# Entropy Calculation in Thermodynamics Homework

• ruiwp13
In summary: Homework Statement The equation you used in part (b) is for an ideal gas, but not a liquid. The question must be referring to liquid water, because water can't exist as a vapor at these pressures and 15C. The change in entropy is the amount of energy that is released when the water changes from a liquid to a vapor.
ruiwp13

## Homework Statement

Calculate the variation of entropy in the following processes:
a) Heating of 18 kg of water from 15 to 40ºC at ambient pressure.
b) Compression of 9 kg of water from ambient pressure to 7atm at the temperature of 15ºC.

## Homework Equations

ΔS=Cp*ln(T_final/T_initial)

## The Attempt at a Solution

So for a) I checked the Cp of water getting 4.18KJ/kgºK and multiplied it by the 18 kg. Then I tried to apply the formula with the Cp and the Tfinal=313.15K and TInitial=288.15K and I think it is correct.

For b) I think I have to use ΔS=R ln (P1 / P2) but I'm not sure. And if it is that expression, the Pressure must be in kPa?

Last edited:
ruiwp13 said:

## Homework Statement

Calculate the variation of entropy in the following processes:
a) Heating of 18 kg of water from 15 to 40ºC at ambient pressure.
b) Compression of 9 kg of water from ambient pressure to 7atm at the temperature of 15ºC.

## Homework Equations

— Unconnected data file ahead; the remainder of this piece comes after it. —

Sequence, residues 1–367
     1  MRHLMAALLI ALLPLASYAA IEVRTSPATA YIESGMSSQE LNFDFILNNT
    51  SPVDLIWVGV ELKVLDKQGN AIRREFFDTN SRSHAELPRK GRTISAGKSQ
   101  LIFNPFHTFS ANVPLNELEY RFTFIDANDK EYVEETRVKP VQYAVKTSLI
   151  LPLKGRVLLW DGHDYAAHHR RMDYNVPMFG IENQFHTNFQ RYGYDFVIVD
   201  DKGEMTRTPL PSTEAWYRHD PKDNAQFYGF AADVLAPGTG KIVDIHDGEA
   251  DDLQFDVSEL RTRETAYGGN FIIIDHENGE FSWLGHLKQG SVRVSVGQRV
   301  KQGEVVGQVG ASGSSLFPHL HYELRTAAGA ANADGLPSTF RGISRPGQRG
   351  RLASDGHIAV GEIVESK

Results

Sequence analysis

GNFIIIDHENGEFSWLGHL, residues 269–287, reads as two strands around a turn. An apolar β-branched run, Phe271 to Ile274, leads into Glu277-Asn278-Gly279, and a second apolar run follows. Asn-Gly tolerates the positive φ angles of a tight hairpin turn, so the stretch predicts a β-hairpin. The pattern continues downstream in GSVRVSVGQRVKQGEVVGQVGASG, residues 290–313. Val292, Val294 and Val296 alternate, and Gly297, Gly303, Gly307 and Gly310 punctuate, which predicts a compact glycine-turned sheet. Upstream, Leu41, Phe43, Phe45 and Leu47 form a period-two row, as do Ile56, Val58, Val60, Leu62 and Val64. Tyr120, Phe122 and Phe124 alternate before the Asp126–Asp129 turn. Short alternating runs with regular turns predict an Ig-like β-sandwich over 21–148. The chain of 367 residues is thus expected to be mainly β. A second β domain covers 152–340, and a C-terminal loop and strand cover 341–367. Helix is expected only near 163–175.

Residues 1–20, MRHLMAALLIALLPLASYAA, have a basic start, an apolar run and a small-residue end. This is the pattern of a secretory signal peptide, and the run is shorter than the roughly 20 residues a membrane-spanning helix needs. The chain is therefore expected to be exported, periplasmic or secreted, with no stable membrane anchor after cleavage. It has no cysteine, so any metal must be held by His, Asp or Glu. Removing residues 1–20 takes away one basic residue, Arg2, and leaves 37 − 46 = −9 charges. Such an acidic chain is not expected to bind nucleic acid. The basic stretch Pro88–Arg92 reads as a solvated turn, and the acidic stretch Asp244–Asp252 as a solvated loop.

ΔS=Cp*ln(T_final/T_initial)

## The Attempt at a Solution

So for a) I checked the Cp of water getting 4.18KJ/kgºK and multiplied it by the 18 kg. Then I tried to apply the formula with the Cp and the Tfinal=313.15K and TInitial=288.15K and I think it is correct.

For b) I think I have to use ΔS=R ln (P1 / P2) but I'm not sure. And if it is that expression, the Pressure must be in kPa?

In part (a) the equation you used applies to liquid water or to an ideal gas at constant volume. I assume you knew you were doing it for liquid water. The equation you used in part (b) is for an ideal gas, but not a liquid. The question must be referring to liquid water, because water can't exist as a vapor at these pressures and 15C. If the temperature doesn't change, what is the change in the internal energy of the liquid water? How much work is done on the water to compress it from 1 atm to 7 atm? How much heat is involved? What is the change in entropy?

Chet

1 person

## 1. What is entropy in thermodynamics?

Entropy is a measure of the disorder or randomness in a system. In thermodynamics, it is often referred to as the measure of the amount of unavailable energy in a closed system.

## 2. How is entropy calculated in thermodynamics?

The change in entropy of a system can be calculated by using the equation ΔS = Qrev/T, where ΔS is the change in entropy, Qrev is the reversible heat transfer, and T is the temperature in Kelvin.

## 3. What is the relationship between entropy and temperature?

The relationship between entropy and temperature is that as the temperature of a system increases, its entropy also increases. This is because at higher temperatures, there is more energy available for particles to move and cause disorder in the system.

## 4. How does entropy relate to the second law of thermodynamics?

The second law of thermodynamics states that the total entropy of a closed system will always increase over time. This means that in any natural process, the total disorder or randomness in a system will always increase.

## 5. Can entropy ever decrease?

While the total entropy of a closed system will always increase, it is possible for the entropy of a specific part of the system to decrease. However, this decrease in entropy must be accompanied by an increase in entropy elsewhere in the system, resulting in a net increase in total entropy.

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